Rick Scott Denies Claim He Told State Officials to Stop Saying 'Climate Change'

The Florida governor denies a report that he tried to keep state employees from saying "global warming" and "climate change."

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Republican Florida Governor Rick Scott speaks during a debate with former Florida Governor and Democratic candidate Charlie Crist during a televised debate at NBCUniversal/Telemundo 51 on October 10, 2014 in Miramar, Florida.

Photo by Joe Raedle/Getty Images

Florida Governor Rick Scott denied Monday that he had ever directed state officials to refrain from mentioning the terms "climate change," "global warming," and "sustainability." 

A day earlier the Florida Center for Investigative Reporting published a report that quoted employees of the Florida Department of Environmental Protection who claimed that their supervisors advised them to refrain from mentioning the words that scientists have used to describe the global rise in temperatures. 

“First off, it’s not true,” Scott responded to a question about the report, adding. “Let’s look at what we’ve accomplished: We’ve had significant investments in beach re-nourishment, with flood mitigation.” 

Pressed by reporters as to whether he believed in global warming and whether it represented a problem for his state, Scott declined to answer directly.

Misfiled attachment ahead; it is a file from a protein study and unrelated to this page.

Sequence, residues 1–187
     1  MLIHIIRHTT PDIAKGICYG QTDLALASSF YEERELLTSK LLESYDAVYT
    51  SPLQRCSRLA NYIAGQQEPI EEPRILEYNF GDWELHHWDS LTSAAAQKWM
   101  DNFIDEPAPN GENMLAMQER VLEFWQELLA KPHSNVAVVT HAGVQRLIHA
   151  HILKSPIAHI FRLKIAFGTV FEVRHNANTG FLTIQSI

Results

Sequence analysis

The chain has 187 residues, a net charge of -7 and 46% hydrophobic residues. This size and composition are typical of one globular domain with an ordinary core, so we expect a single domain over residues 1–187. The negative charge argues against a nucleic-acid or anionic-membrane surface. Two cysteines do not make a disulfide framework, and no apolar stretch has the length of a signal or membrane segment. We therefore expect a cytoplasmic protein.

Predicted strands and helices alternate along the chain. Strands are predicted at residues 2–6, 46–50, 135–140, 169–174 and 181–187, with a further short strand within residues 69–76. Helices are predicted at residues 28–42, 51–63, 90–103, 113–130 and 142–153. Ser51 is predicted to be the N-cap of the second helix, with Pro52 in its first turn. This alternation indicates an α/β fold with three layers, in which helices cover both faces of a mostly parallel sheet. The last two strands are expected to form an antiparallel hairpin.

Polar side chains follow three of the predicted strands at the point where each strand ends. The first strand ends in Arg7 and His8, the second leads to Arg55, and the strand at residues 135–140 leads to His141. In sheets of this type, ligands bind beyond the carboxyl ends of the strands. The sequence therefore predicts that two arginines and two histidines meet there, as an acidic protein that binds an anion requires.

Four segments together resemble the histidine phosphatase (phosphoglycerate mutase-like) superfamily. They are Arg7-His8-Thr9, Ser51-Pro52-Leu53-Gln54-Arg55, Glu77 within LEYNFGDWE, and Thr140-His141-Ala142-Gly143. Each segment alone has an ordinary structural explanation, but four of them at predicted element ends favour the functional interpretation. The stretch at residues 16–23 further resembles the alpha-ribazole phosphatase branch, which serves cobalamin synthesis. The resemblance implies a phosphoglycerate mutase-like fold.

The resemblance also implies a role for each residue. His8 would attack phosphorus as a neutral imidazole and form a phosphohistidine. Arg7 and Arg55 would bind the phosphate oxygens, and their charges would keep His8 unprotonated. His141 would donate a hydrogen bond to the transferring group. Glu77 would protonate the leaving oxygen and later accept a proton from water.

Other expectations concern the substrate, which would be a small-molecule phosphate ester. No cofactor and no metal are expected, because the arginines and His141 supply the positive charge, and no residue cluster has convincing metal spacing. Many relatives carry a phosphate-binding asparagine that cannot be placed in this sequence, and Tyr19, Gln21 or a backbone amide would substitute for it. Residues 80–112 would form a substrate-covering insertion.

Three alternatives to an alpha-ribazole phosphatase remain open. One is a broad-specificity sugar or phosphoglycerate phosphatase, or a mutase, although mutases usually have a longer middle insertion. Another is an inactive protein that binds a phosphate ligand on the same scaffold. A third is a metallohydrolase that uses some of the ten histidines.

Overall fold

“Here’s what we’re dealing with: We’re dealing with the problems of Florida,” Scott replied, according to Politico. “We’re dealing with beach re-nourishment, flood mitigation, dealing with making sure we push water south, we have the right storage things for the Everglades. We’re dealing with all these things.”

In the FCIR report, former DEP employee Kristina Trotta recalled a supervisor telling her not to use the terms “climate change” and “global warming” durng a 2014 staff meeting.

“We were told that we were not allowed to discuss anything that was not a true fact,” Trotta said.

Asked several times about the claims in the FCIR report, Scott held firm. 

“No. That’s not true,” he said. “As you know, I’m focused on solutions.”

Scott has repeatedly been asked about his belief in climate change since being elected governor. 

“I’m not a scientist,” Scott said in May of last year, despite numerous studies that have put South Florida at great risk due to sea level rise over coming decades. 

  

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